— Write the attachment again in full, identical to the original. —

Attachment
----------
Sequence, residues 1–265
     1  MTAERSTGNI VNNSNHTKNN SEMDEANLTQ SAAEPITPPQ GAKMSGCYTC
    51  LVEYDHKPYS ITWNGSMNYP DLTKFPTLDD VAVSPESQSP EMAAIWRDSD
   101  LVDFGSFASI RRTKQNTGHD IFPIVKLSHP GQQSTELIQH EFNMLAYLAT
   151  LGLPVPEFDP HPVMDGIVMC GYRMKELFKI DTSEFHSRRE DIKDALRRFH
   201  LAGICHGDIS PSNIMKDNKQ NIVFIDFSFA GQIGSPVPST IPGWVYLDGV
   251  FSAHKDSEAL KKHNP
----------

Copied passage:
Sequence, residues 1–265
     1  MTAERSTGNI VNNSNHTKNN SEMDEANLTQ SAAEPITPPQ GAKMSGCYTC
    51  LVEYDHKPYS ITWNGSMNYP DLTKFPTLDD VAVSPESQSP EMAAIWRDSD
   101  LVDFGSFASI RRTKQNTGHD IFPIVKLSHP GQQSTELIQH EFNMLAYLAT
   151  LGLPVPEFDP HPVMDGIVMC GYRMKELFKI DTSEFHSRRE DIKDALRRFH
   201  LAGICHGDIS PSNIMKDNKQ NIVFIDFSFA GQIGSPVPST IPGWVYLDGV
   251  FSAHKDSEAL KKHNP